NAPW Senior Staff Attorney Amber Khan in Ms. Magazine

NAPW Senior Staff Attorney Amber Khan authored "The Crime Was Pregnancy," published in the Summer 2019 issue of Ms. Magazine. This important piece provides an update to Janet Gallagher's Ms. Magazine article "The Fetus and the Law -- Whose Life Is It Anyway," published over 35 years ago.

South Dakota’s New Murderers

South Dakota's New Murderers
March 21, 2006

TomPaine.Com Commentary
By Lynn Paltrow and Charon Asetoyer
March 08, 2006
Lynn Paltrow is the executive director of National Advocates for Pregnant Women in New York and Charon Asetoyer is the executive director of the Native American Women's Health and Education Resource Center in South Dakota.

DPA PR: 26 Public Health and Medical Groups to U.S. Supreme Court: Women Who Suffer Stillbirths Are Not Murderers

26 Public Health and Medical Groups to U.S. Supreme Court: Women Who Suffer Stillbirths Are Not Murderers

South Carolina Prosecutors Want Homicide Trials for Stillbirths That Follow Any Conduct "Publicly Known" to be Harmful to Fetus

DRUG POLICY ALLIANCE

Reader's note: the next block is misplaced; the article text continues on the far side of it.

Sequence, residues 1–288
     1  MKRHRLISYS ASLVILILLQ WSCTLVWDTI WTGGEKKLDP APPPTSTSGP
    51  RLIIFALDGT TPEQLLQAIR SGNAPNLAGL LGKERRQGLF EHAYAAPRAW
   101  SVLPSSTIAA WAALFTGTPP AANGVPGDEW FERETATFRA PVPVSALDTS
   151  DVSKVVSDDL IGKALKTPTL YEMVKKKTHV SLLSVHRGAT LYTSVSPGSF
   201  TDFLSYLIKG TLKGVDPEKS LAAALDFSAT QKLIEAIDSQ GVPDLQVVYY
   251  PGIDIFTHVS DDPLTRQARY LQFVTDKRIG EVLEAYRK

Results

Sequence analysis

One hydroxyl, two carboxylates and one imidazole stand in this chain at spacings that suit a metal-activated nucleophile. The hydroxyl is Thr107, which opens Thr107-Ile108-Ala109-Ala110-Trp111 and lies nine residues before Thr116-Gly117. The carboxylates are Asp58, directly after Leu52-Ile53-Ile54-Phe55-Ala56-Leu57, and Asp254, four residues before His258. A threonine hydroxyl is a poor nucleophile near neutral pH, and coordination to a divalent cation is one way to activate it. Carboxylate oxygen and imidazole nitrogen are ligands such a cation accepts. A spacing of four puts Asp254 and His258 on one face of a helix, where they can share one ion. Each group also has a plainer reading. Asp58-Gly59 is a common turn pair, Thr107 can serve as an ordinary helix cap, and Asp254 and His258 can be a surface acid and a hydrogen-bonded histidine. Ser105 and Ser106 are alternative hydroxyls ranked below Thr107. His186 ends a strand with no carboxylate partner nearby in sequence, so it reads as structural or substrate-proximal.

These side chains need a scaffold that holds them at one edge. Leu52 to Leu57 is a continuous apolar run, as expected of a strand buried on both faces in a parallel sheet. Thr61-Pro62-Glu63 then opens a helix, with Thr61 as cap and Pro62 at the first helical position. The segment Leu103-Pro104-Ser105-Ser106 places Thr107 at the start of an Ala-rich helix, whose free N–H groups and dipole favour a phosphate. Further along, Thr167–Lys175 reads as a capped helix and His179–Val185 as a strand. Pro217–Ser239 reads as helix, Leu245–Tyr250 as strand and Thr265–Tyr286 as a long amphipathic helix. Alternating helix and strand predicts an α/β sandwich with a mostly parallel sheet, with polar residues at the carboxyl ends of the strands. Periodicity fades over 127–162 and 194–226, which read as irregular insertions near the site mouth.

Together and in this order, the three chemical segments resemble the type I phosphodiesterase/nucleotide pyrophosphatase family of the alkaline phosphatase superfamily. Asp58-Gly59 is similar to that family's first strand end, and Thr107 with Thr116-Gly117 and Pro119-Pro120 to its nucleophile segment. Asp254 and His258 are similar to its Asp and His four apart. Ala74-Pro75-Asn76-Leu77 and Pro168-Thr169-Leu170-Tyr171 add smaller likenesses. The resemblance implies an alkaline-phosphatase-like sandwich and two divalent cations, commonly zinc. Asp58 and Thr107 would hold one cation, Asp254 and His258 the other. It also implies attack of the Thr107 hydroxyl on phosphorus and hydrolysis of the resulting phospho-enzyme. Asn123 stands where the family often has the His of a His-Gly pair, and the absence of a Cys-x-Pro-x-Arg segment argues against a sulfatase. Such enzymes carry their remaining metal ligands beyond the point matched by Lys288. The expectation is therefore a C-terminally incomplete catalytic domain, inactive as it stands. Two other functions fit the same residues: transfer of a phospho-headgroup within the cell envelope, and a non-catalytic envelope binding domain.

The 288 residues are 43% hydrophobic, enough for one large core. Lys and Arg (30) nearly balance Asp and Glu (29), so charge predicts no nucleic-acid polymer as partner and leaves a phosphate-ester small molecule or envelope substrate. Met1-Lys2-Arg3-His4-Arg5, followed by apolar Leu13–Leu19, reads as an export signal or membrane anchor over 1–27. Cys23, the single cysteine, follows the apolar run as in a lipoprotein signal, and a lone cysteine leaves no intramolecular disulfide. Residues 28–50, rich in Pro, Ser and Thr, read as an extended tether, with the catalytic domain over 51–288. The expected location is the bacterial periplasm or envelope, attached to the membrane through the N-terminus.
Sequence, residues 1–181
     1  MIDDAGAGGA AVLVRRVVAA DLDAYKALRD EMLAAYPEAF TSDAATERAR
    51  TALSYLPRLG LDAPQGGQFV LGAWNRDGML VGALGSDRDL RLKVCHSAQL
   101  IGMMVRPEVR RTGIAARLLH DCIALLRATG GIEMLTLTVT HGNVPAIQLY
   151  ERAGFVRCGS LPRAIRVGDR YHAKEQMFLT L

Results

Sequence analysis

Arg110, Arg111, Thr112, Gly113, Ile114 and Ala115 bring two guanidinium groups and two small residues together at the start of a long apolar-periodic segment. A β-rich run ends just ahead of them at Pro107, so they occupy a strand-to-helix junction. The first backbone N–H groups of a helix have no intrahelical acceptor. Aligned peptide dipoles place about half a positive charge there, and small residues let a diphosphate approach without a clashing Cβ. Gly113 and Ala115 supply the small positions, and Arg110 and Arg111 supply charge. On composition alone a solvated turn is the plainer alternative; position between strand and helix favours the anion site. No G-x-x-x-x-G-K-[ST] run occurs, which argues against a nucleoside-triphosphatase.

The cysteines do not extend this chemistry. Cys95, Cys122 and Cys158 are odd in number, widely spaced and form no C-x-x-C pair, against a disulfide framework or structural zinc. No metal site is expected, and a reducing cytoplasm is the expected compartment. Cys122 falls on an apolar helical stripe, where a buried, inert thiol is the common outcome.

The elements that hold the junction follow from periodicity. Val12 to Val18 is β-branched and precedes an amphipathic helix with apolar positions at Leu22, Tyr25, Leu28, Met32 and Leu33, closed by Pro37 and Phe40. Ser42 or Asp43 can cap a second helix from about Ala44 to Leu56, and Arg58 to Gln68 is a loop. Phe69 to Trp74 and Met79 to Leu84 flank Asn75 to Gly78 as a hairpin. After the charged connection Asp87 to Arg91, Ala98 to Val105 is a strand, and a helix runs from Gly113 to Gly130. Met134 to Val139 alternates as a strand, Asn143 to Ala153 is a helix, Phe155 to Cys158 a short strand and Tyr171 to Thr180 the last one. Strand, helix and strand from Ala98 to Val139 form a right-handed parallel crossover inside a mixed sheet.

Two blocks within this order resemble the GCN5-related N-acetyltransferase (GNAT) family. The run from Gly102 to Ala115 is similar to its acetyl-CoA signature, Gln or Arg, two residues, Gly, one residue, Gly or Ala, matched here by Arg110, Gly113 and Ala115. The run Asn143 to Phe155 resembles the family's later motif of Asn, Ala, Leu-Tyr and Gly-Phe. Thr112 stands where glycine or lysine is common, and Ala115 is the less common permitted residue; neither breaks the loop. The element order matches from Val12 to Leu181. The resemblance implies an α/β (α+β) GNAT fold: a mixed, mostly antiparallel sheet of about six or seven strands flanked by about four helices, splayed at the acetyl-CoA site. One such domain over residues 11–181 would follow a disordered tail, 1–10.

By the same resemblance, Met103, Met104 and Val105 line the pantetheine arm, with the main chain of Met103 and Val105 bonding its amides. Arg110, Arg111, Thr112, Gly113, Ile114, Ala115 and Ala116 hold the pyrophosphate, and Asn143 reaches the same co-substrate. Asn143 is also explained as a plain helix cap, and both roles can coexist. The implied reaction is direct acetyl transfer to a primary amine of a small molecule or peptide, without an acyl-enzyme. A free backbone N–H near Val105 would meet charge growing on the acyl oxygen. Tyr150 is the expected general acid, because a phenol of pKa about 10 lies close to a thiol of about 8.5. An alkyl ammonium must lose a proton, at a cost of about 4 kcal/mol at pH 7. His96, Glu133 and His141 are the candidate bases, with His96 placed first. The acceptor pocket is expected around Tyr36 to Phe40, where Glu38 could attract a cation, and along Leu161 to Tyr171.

For Immediate Release:
Contact: Tony Newman
Tuesday, July 29, 2003
510-812-3126

26 Public Health and Medical Groups to U.S. Supreme Court: Women Who Suffer Stillbirths Are Not Murderers

South Carolina Prosecutors Want Homicide Trials for Stillbirths That Follow Any Conduct "Publicly Known" to be Harmful to Fetus

Court Urged to Review South Carolina Case That Sets "Dangerous Precedent" and Jeopardizes Doctor-Patient Relationship

Twenty-six organizations consisting of physicians, nurses, counselors, social workers, and public health practitioners have joined together to file an amicus curiae brief today urging the U.S. Supreme Court to review State v. McKnight- a South Carolina case that resulted in the first homicide conviction of a woman for suffering a stillbirth.

State v. Regina McKnight Background

As is often the situation in precedent setting new cases, prosecutors chose as their test case one in which there would be little sympathy or support for the woman they targeted. In this case they picked Regina McKnight, an indigent African-American woman with numerous health problems, a limited education, and a drug problem that began after her mother was killed in a hit and run accident.